Here are the materials in Mille Lacs Band of Chippewa Indians v. County of Mille Lacs (D. Minn.):
Prior post here.
Here are the materials in Mille Lacs Band of Ojibwe v. County of Mille Lacs (D. Minn.):
Here are the materials in Bishop Paiute Tribe v. Inyo County (E.D. Cal.):
We posted the complaint here.
Here are the materials in Native American Arts v. Peter Stone Co. (N.D. Ill.):
The D.C. District Court granted the NIGC’s motion for summary judgment and dismissed the City’s APA challenge to the Fond-du-Luth NOV. Here is the order in City of Duluth v. National Indian Gaming Commission (D. D.C.):
Plaintiff City of Duluth, Minnesota, brings this action challenging a Notice of Violation (“NOV”) that the National Indian Gaming Commission (the “Commission”) issued to the Fond du Lac Band of Lake Superior Chippewa (the “Band”) with respect to Band’s gaming establishment in the City of Duluth. This action is the latest step in a long saga pertaining to the relationship of the Band and the City of Duluth with respect to gaming, including proceedings in federal court in Minnesota, before the National Indian Gaming Commission, and, now, before this Court as well. In a nutshell, in the NOV, issued July 12, 2011, the National Indian Gaming Commission informed the Band that the 1994 Agreement between the Band and the City of Duluth violated the requirement that the Band have the “sole proprietary interest” in the gaming activity pursuant to the Indian Gaming Regulatory Act of 1988. The City of Duluth filed this action pursuant to the Administrative Procedure Act, claiming that the NOV, first, was arbitrary, capricious or otherwise not in accordance with law, and, second, exceeded Defendants’ authority under the Indian Gaming Regulatory Act. The City of Duluth requests that the NOV be set aside and requests related declaratory and injunctive relief. The Federal Defendants—the Commission and Jonodev Chaudhuri, in his official capacity as Acting Chairman of the National Indian Gaming Commission—argue that the NOV neither was arbitrary or capricious nor exceeded the scope of the Commission’s authority. Before the Court are Plaintiff’s  Motion for Summary Judgment and the Federal Defendants’  Cross-Motion for Summary Judgment. Upon consideration of the pleadings, the relevant legal authorities, and the record as a whole, the Court DENIES Plaintiff’s  Motion for Summary Judgment and GRANTS the Federal Defendants’  Cross-Motion for Summary Judgment. The Court concludes that the NOV was not arbitrary or capricious; that it did not exceed the scope of the Commission’s authority; and that none of the other legal infirmities that Plaintiff identifies are grounds for setting aside the NOV. Accordingly, this case is dismissed in its entirety.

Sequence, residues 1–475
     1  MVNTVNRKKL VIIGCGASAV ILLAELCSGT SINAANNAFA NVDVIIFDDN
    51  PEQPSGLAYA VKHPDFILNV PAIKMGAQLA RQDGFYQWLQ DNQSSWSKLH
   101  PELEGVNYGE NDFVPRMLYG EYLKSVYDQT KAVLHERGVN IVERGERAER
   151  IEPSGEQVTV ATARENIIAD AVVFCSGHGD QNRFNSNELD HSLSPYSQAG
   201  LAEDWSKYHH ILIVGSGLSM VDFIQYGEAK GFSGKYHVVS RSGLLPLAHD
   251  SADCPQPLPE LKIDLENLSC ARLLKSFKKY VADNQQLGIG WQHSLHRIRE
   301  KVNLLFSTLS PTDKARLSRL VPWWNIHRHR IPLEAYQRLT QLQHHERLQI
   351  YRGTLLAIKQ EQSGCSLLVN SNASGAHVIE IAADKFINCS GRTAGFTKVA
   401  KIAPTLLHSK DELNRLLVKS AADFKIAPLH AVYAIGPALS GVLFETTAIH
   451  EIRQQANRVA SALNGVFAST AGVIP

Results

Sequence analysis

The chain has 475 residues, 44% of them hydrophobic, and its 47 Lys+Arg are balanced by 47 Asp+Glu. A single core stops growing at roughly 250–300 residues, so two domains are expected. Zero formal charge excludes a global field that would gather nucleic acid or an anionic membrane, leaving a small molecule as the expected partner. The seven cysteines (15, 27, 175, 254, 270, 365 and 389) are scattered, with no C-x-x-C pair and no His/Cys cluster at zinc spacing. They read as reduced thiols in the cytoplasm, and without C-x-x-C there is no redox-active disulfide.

Briefs are here.